Posted on Jan 28, 2020, 6 p.m.
A recent study published in the journal Metabolism suggests that gut bacteria produces an appetite suppressant that can strengthen the effects of exercise based weight loss programs.
Regular exercise carries many well documented benefits, but impacts on weight loss are less clear as it can increase appetite. Collaborative research from the Scottish Universities Environmental Research Center, Imperial College London, the University of Glasgow, and the University of West Scotland suggests that adding an appetite suppressing supplement to moderate exercise increases the likelihood of weight loss even without diet change.
This study investigated inulin propionate ester supplements. Propionate is a short chain fatty acid produced in digestion of dietary fiber that is a natural and effective appetite suppressor which breaks down quickly, to strengthen the effects it was bound to inulin which a fiber common to garlic, artichoke, chicory, and onion; the resulting bond creates IPE.
Previous research demonstrated the use of IPE increases the rate at which the body burns fats while at rest, and suppresses the urge to consume high calorie foods. This study reveals that IPE can enhance weight loss effects with moderate exercise without making any dietary changes. However, the study did not investigate the effectiveness of a diet designed for weight loss combined with exercise and IPE.
“There's a great deal of interest at the moment in how our gut microbiota affects our health and well-being. What we've been able to show for the first time is that this latter effect continues when exercise is added to regular IPE intake," says author Douglas Morrison.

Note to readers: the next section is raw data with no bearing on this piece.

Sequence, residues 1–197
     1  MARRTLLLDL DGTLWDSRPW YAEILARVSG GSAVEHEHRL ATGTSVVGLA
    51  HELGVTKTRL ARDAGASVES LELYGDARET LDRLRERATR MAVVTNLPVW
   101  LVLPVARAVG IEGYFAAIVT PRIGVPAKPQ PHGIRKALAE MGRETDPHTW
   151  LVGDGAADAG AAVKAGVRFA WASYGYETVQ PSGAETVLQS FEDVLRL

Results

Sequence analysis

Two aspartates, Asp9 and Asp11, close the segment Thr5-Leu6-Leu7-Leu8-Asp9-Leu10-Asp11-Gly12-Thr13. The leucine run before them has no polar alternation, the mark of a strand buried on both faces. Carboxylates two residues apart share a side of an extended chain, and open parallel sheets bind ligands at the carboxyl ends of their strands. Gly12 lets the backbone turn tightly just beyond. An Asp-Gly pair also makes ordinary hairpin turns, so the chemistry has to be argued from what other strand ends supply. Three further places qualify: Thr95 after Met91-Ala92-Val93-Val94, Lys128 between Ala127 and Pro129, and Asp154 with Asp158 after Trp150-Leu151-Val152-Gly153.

20 female participants between the ages of 25-45 with a BMI greater than 25 were involved in the 4 week trial. Participants were divided into 2 groups of ten, one was given placebo and the other was given IPE supplement and they participated in moderate exercise programs while maintaining regular eating habits.
Participant resting fat oxidation levels were measured before and after the trial with gas and blood samples that were collected before breakfast, after breakfast and after lunch. Those who received the placebo were found to have exhibited no change to fat oxidation levels after the trial. Those in the IPE group were found to display a significant increase in fat burning while at rest up to 7 hours after their most recent dose of IPE.
Although the results were promising iIt was noted that additional verification is required in further studies due to this study being limited to being very small, brief, and only involving women:
Study co-author Dalia Malkova says, "While these initial results are promising, we should stress that there are limitations to this study, which was conducted with a small group over just 4 weeks. For example, we can't yet draw any conclusions about how the increased fat oxidation, combined with exercise, might affect participants' body composition and body mass."
Next step is to seek funding for additional IPE trials involving a larger and more diversified population for a longer period of time to verify the original results.
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